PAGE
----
In baseball’s 162-game season, close games leave one feeling ambiguously, no matter the result: You got lucky this time, but be careful next time; you got unlucky this time, but you’ll get ‘em next time. In football’s 16-game season, though, that is not the proper response: You must be happy with a win and sad about a loss, no matter how close each was. And you must draw broader lessons, because winning close games is something of its own skill—chiefly, it’s about minimizing your own mistakes and exploiting your opponents’ (and your opponent will always make mistakes). And winning close games just may be the most important skill in the NFL.
Which is why the Washington Redskins’ 27-24 loss last night, at home, to the Indianapolis Colts is more of a sucker punch than it should first appear. Sure, the loss was to the great Peyton Manning and his Colts, who are assuredly one of the best teams in the League—through Week 6, it seems clear that all the best teams are in the AFC—who already demolished NFC East rivals the New York Giants and will do the same to the Dallas Cowboys (surely) and the Philadelphia Eagles (likely).
But, ugh! The Skins failed to minimize their mistakes—I am thinking of the two interceptions Donovan McNabb (uncharacteristically) threw, particularly the one in the first quarter, as well as several instances of blown coverage, most notably on the Colts touchdown to receiver Pierre Garçon. And they failed to capitalize on their opponents’—I am thinking of the anywhere between two and four dropped interceptions (though the Skins did force, and I mean force, three fumbles). The brightest spot was the rushing game, which finally got off the ground (or, rather, on the ground), with prior no-name practice-squad regular Ryan Torain accomplishing 100 yards and two touchdowns on 20 carries. On its face, falling to 3-3 after playing two or three of your five toughest games of the season (this one, plus last week’s victory over the Green Bay Packers, plus the win two weeks ago in Philly) still gives the Skins a pretty strong playoff shot. But only if they get better at—say it with me—minimizing their mistakes and exploiting their opponents’ to the fullest. At winning close games.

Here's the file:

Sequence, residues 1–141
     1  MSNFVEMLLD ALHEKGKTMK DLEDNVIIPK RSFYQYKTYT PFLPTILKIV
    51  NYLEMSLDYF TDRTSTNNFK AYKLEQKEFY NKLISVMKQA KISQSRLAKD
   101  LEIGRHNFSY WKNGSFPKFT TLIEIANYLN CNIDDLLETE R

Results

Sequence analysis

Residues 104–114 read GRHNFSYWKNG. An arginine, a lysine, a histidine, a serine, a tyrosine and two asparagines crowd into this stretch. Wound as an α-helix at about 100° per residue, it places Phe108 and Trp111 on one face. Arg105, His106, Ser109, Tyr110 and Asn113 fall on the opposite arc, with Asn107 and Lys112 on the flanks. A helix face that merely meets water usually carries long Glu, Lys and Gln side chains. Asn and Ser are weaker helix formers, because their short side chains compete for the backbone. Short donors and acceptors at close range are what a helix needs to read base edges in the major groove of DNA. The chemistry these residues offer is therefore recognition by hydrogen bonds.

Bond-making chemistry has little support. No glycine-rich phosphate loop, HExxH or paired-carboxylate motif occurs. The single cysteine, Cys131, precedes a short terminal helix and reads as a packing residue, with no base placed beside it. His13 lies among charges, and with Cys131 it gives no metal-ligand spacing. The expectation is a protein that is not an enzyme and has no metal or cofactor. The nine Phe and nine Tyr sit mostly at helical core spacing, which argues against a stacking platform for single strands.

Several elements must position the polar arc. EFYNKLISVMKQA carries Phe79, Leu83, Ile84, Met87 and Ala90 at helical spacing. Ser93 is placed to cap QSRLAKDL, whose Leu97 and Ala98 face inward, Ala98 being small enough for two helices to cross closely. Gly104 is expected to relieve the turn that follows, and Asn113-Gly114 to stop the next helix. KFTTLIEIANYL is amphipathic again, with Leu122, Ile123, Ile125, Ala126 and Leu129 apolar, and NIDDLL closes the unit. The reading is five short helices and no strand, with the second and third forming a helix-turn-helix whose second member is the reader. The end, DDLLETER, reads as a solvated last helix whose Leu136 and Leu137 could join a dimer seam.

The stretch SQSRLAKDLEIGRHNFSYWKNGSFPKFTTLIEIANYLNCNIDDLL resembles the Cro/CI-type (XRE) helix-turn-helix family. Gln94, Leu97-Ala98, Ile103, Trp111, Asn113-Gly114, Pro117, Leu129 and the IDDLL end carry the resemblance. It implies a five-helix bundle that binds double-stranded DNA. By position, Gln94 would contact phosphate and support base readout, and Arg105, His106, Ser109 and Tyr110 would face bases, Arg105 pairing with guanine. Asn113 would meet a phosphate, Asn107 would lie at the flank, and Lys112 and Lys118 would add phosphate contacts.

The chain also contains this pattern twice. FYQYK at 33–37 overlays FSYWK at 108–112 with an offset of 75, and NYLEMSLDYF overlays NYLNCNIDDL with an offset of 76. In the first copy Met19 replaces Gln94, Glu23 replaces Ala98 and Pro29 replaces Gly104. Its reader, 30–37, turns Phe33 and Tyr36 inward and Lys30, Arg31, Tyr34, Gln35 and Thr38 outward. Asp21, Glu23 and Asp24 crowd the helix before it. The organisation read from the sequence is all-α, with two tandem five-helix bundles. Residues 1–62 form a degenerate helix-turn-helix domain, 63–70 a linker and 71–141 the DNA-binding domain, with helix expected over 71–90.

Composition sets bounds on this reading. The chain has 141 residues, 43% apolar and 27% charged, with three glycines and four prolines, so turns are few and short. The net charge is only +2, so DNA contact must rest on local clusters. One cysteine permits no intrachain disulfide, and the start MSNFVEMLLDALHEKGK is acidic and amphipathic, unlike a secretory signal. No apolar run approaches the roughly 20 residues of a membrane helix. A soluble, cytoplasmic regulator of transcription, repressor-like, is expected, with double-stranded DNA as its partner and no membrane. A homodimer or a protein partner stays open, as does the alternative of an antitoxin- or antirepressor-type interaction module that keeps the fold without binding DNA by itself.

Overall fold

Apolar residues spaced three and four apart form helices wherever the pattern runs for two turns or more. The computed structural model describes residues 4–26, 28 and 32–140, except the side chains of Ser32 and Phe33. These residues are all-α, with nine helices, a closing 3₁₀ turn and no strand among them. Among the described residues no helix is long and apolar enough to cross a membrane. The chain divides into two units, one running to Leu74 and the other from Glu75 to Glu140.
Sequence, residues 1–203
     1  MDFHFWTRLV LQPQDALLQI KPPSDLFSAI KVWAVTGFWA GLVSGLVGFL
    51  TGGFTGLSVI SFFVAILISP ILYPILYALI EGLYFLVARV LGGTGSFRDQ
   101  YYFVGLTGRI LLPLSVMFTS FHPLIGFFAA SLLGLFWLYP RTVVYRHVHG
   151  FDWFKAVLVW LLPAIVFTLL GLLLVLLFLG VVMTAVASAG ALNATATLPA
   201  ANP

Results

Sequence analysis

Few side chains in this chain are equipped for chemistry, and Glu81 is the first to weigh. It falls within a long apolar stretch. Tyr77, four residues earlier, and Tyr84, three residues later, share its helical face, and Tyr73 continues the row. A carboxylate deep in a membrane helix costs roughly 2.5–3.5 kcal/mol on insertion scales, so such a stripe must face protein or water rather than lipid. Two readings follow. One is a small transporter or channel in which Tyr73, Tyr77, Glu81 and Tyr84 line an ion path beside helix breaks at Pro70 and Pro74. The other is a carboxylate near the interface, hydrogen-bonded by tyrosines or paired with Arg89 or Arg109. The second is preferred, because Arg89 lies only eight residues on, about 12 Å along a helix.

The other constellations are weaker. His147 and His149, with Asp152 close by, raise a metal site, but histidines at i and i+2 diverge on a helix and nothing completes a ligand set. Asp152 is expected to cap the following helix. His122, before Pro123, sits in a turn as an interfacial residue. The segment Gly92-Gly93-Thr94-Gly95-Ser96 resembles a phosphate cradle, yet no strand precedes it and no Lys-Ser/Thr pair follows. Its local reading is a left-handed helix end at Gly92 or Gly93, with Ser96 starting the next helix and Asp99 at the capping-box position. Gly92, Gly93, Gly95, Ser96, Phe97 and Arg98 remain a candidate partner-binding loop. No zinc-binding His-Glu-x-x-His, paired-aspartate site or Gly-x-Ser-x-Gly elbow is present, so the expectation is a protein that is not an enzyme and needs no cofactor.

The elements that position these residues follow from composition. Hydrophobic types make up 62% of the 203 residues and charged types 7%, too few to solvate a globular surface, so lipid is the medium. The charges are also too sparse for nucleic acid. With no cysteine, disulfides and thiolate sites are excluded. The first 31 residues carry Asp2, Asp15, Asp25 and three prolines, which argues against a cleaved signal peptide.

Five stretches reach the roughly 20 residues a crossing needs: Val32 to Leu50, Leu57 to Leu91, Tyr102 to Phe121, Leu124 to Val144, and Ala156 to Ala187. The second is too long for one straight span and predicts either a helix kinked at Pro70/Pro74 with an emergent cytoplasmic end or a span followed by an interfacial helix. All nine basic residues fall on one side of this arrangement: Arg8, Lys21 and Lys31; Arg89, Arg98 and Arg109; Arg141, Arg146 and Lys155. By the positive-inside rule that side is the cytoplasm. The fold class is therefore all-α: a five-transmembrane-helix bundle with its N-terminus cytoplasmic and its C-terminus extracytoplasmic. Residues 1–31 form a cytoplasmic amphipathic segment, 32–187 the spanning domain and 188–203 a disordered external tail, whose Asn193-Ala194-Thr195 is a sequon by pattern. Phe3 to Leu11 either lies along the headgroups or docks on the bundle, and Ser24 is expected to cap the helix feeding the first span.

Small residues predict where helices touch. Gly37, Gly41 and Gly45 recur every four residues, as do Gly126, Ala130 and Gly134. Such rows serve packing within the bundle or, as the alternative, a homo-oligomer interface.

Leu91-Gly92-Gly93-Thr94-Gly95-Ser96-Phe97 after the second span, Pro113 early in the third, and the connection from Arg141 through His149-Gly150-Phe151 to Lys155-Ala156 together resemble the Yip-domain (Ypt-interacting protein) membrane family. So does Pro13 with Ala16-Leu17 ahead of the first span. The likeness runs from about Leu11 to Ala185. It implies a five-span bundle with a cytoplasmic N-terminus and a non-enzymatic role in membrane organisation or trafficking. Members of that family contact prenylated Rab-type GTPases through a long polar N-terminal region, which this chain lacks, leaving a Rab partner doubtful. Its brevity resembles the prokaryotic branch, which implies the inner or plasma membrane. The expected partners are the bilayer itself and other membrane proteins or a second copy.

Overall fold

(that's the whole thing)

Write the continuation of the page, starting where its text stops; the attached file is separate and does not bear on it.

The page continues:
Want a clinic on how to win a close game? Then study the New England Patriots, who yesterday at home against the surging Baltimore Ravens came back from a 10-point fourth quarter deficit to send the game into overtime, played ferocious D there, and kicked the winning field goal, 23-20. The last time these two played, it was also in Massachusetts, it was the first round of last year’s playoffs, and New England was humiliated. This time around, the Pats showed that their effective trade of future Hall of Fame-er Randy Moss for former Super Bowl MVP (for the Pats, no less) Deion Branch may have been worth it indeed: Tom Brady connected with Branch for nine receptions, 98 yards, and a crucial fourth quarter touchdown. There are still issues with their defensive secondary—they allowed Baltimore QB Joe Flacco a stellar 285-yard, two-touchdown, zero-interception day—but, crucially, they protected their home turf (they went 8-0 in Foxboro during last year’s regular season, and are 3-0 this year), which they will need to continue to do if they are to make the playoffs while competing in the same division as the for-real New York Jets and the maybe-real Miami Dolphins as well as the same conference as Baltimore, the Pittsburgh Steelers, the Kansas City Chiefs, and the Denver Broncos. Oh, and the Colts. The AFC is brutal.
The Detroit Lions are a bad team that are not as bad as everyone thinks they are, and the New York Giants’ 28-20 victory over them yesterday, at home, isn’t quite as sour as some would think. But still: Should it really have been this close? When Eli Manning for once didn’t throw an interception? When primary back Ahmad Bradshaw was running with abandon and goal-line back Brendan Jacobs was powering his way to two touchdowns? When the Giants’ furious pass rush knocked Lions starter Shaun Hill (himself the back-up QB, playing for the injured Matthew Stafford) out of the game? Why is the supposedly vaunted Giants defense, playing at home, allowing the third-string quarterback of a basement-dwelling team to put together a respectable 222-yard, one touchdown/one interception effort? (That QB, incidentally, was Drew Stanton, a Michigan State grad who is, according to Wikipedia, Jewish. Which means the Lions played a Jewish QB but the Giants, with Sage Rosenfels waiting in the wings, did not.) When breakout Lions rookie running back Jahvid Best was effectively corralled? When the game was never truly iced until a late-minutes interception that was in part dependent on the Lions’ desperation?
There was something fishy about this win, and the Giants, who moved into a tie for first in the NFC East with the (very impressive-looking) Eagles, still have a lot of work to do. Then again, with only 16 games, you take the win and you be glad for it.
Our record: 11-6.